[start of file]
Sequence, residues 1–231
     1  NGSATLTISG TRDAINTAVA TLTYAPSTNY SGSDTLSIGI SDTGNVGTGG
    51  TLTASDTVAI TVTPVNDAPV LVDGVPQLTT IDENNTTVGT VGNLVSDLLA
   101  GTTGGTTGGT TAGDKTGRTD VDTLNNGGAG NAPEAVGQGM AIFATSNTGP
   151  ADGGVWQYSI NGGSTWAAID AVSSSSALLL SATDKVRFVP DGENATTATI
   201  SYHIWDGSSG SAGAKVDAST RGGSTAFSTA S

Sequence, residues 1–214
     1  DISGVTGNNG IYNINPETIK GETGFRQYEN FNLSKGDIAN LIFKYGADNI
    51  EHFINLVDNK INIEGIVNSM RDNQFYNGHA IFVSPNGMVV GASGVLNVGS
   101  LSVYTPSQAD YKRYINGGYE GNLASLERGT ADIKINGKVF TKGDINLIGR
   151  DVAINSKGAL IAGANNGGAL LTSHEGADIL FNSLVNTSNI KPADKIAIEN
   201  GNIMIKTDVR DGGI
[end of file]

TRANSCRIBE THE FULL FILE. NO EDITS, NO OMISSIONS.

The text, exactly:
Sequence, residues 1–231
     1  NGSATLTISG TRDAINTAVA TLTYAPSTNY SGSDTLSIGI SDTGNVGTGG
    51  TLTASDTVAI TVTPVNDAPV LVDGVPQLTT IDENNTTVGT VGNLVSDLLA
   101  GTTGGTTGGT TAGDKTGRTD VDTLNNGGAG NAPEAVGQGM AIFATSNTGP
   151  ADGGVWQYSI NGGSTWAAID AVSSSSALLL SATDKVRFVP DGENATTATI
   201  SYHIWDGSSG SAGAKVDAST RGGSTAFSTA S

Sequence, residues 1–214
     1  DISGVTGNNG IYNINPETIK GETGFRQYEN FNLSKGDIAN LIFKYGADNI
    51  EHFINLVDNK INIEGIVNSM RDNQFYNGHA IFVSPNGMVV GASGVLNVGS
   101  LSVYTPSQAD YKRYINGGYE GNLASLERGT ADIKINGKVF TKGDINLIGR
   151  DVAINSKGAL IAGANNGGAL LTSHEGADIL FNSLVNTSNI KPADKIAIEN
   201  GNIMIKTDVR DGGI